Copyright © Françoise Herrmann
The visible part of the pen in your shirt pocket is surely the clip, which bears the brand, logo, or mark of the pen manufacturer. However, the fountain pen clip did not always serve this advertising purpose...
According to William Edgar Moore, the turn of the 19th century inventor of the pen clip, and twice Assignor to the Parker Pen Company: “the detachable caps on fountain pens frequently split and break at the open end thereof in being forced onto the body of the pen” [L9-12]. This is the reason, he further explains, why pen caps are designed with a reinforcement ring at the open end, permanently attached to the cap material.
Thus, In consideration of the problematic situation of cracked fountain pen caps, and the larger issue of leak-proofing fountain pens, US1204053 discloses, in 1916, a Clip for fountain-pens that doubles as reinforcement for the pen cap, while offering a design for both securing the clip to the pen, and the pen to a pocket. In turn, the clip means of securing the pen to a pocket -- in an upright position that also prevents the pen from falling to the ground -- , at least indirectly promises to reduce the risk of “escaping ink”.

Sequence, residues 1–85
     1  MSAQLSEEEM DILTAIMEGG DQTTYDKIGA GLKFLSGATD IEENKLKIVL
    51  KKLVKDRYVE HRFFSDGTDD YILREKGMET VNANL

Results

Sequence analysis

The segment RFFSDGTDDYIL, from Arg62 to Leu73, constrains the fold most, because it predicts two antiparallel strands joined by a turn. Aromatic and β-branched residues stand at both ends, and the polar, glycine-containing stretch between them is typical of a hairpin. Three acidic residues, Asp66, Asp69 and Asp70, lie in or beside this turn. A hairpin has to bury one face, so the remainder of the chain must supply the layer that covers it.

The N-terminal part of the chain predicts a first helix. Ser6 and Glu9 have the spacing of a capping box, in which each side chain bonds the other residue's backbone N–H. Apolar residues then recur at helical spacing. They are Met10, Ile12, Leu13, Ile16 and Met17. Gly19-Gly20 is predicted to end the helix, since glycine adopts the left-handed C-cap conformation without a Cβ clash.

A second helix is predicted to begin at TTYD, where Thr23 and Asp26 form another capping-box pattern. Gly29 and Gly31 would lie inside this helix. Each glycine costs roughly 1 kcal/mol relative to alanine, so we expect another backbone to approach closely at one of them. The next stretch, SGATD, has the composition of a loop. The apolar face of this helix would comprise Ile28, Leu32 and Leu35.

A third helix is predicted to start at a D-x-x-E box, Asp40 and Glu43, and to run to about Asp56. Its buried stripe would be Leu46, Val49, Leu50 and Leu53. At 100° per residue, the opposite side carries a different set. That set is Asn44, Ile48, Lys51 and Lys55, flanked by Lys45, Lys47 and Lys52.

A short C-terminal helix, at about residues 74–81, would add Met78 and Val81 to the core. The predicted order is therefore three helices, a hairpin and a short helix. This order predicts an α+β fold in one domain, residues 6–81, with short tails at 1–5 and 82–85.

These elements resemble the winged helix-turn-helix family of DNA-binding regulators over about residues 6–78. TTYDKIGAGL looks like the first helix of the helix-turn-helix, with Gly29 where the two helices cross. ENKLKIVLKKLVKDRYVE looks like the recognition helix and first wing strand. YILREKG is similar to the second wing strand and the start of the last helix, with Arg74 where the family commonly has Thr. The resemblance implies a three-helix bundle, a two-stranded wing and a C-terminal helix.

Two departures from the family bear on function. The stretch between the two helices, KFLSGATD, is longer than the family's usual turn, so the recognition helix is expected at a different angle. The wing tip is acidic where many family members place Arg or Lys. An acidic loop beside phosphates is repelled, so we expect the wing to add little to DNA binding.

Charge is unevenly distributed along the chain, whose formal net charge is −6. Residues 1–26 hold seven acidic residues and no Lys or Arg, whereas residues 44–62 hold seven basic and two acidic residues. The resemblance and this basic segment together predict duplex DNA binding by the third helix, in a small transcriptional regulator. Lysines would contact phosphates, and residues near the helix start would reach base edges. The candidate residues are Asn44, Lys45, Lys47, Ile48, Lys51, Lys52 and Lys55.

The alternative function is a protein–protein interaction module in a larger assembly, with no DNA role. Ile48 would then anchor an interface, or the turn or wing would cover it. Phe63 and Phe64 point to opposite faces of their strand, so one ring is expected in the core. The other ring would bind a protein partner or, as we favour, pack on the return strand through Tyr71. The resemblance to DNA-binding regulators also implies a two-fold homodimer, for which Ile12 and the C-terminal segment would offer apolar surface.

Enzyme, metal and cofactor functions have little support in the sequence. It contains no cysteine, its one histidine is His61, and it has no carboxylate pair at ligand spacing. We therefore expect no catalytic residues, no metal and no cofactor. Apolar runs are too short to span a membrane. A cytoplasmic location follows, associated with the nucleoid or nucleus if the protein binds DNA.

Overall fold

W. E. Moore’s clip for fountain pens comprises two bands for attaching the clip to the fountain pen. One band, at the bottom, completely encircles the pen cap. The other, at the top, clamps partially around the pen cap. And both bands are connected to a spine. Thus, the clip provides brace-like support and protection for pen caps.
The return bent, and resilient clip component ends with a small round ball, designed to secure the pen in a pocket. The patent further specifies that the shape of the clip is unimportant.
Thus, even if originally, the pen clip was essentially designed to reinforce pen caps, and indirectly to reduce leakage, it has endured, further acquiring prime branding status as the only visible component of a pen in a shirt pocket.
W.E. Moore’s clip for fountain pens was further specified -- sold and manufactured separately from fountain pens.